August 4, 2018 (1:43 AM)

5 min read


CONVERSATION. University departments engaged in a round-table discussion with Fr. Patrick Riordan, S.J. on philosophical and theological views of religious liberty. Photo by Loraine Rubi

To discuss about the philosophical and theological views of religious liberty as a distinct human right, the Humanities & Letters cluster invited Fr. Patrick Riordan, S.J. in a Pakighinabi session, August 3.

Along with Fr. Riordan, faculty members from the departments of Philosophy, Theology, and Islamic Studies engaged in the discussion.

Religious liberty, human dignity

Fr. Riordan first outlined the question, “Is religious liberty a distinct human right?” in his talk.

He mentioned the Article III Section 8 of the concom draft of the Federal Constitution and its separate mandates of the freedom of religion and separation of the church and state.

“Now there are two issues that state in this formulation that they are mirror images of one another; these can be crudely formulated as the protection of politics from the domination of religion, that’s separation of church and state, and the protection of religion from domination of politics,” he said.

Fr. Riordan focused on the exercise of the freedom of religion and protecting it from politics.

“In the Philippine case [we see] how the exercise of religion is expanded to include public expression of belief, as also participation in worship.

“Citizens rights to assemble, to proclaim their commitments and convictions, to declare their loyalties, should be protected and respected regardless of the content of their convictions of loyalties,” Fr. Riordan explained.

He said that the reason why people have rights is because of human dignity.

“The universal declaration of human rights begins by asserting the recognition of the rights and dignity of every person… but the subsequent two major conventions on civil and political rights, economic and social rights, they assert dignity as the basis of rights,” Fr. Riordan said.

He then presented the arguments of the liberal state regarding religion as a distinct human right.

“It is beyond the competence of the liberal state to determine what religion is, and which phenomena fall within the definition, and which fall outside.

“That it must take care not to discriminate, neither [be] in favor for or [be] against any group or any vision of the human good and its laws,” he said.

Fr. Riordan ended his discussion through presenting his arguments on a separate right to religious liberty: history of religious persecution and intolerance, and link to grounds of human dignity.

“…in which the ground for toleration is not skepticism, but of truth and respect for human intellect and conscience as capable for attaining truth.

“The foundational value for dignity is not autonomy, choice, and option for good in a sense of choosing, but grasp of truth, understanding knowledge,” he said.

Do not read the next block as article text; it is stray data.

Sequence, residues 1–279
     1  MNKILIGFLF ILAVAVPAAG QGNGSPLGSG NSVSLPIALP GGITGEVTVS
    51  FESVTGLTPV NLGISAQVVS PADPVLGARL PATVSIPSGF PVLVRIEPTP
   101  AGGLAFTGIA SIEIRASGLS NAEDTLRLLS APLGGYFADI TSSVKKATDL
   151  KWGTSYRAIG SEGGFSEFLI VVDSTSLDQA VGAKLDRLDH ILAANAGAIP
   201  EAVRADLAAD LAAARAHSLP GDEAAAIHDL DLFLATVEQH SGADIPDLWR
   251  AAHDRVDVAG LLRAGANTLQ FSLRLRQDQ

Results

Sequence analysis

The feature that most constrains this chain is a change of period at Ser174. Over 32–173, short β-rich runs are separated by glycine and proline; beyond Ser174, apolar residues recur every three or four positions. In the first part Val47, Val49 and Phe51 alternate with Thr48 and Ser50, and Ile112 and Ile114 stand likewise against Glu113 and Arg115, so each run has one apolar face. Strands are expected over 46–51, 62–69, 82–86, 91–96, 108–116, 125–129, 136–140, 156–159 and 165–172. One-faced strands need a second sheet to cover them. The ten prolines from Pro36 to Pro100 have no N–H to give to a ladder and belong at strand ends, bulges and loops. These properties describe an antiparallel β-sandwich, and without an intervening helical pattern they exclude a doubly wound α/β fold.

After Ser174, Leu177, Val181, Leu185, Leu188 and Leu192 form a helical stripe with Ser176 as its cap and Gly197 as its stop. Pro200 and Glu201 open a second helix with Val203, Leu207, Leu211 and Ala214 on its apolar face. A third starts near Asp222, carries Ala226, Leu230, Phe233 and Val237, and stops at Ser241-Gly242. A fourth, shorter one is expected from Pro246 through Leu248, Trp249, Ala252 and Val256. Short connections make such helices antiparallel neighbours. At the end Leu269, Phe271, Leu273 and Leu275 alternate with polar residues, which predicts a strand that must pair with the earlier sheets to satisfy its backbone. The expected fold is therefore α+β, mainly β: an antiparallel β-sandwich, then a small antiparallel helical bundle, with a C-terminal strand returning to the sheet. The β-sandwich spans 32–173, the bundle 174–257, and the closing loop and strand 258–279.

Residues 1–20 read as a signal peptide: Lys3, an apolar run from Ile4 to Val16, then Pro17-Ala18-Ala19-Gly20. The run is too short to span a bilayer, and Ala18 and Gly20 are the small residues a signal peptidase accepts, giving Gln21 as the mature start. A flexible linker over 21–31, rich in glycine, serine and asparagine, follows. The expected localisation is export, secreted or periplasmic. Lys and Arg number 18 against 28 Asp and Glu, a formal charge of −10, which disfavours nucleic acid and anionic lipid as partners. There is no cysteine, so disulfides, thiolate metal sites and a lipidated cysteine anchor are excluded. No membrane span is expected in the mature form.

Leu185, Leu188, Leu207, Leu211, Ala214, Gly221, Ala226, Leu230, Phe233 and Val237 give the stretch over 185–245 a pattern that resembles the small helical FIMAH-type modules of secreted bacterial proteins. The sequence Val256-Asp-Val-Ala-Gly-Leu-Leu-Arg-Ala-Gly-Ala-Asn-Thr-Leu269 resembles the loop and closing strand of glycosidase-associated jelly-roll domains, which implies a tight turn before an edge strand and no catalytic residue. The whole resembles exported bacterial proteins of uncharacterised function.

Miguel Antonio, Philosophy Department shared how the language of religion could contribute to the ground of human dignity.

“In his book, ‘After God’, he would say that what we have to pay attention to with regards to religion is most especially the language that they use, because the language that religions do use say something about the dimension of our existence that ethics and morality don’t necessarily take into account. And this is something that is equally as vital in our search for truth,” he said.

Edgar Nartatez, Philosophy Department said that because religion is inherent, it is a distinctive right.

“Religion is something innate or inherent, it is a distinctive right, I would argue. If the argument is successful, that human nature is by very nature religious… the theological argument… that we are made in the image of God, therefore, we cannot not be spiritual,” he said.

Philosophy and Theology Department faculty Fil-Am Tutor said that it is the moral obligation of a human to ask religious questions.

“It’s just natural for human beings to be asking questions like… ultimate destiny, our connection to the cosmos, and our place in the history; these are religious questions, questions which different religions have offered answers.

“But this moral obligations to ask these questions are not coming from the outside, it’s coming from within, it’s [demanded] by our being human; we’re impelled to seek answers to these questions, because we are beings of meaning. We look for meaning on which we ground our [beliefs in],” she said.

Dr. Arnella Clamor from the Theology Department said that human dignity is both a gift and a task.

“Our being created in the likeness and image of God… [this] is both a gift and a task. A gift, it’s given to us human beings… even the unborn child has a human dignity without even developing the capacity for ethical independence for freedom or will.”

Sh. C. Sultan Uy Ubpon, Islamic Studies Department said that there is no compulsion in religion.

“During the time of Prophet Muhammad, they all coexist with Christians and Jews… God gave us the freewill to choose or to search what truth do you want. It depends on you what religion you will choose; we have freewill. God gave that to us,” he said.

End the silence of the gagged!

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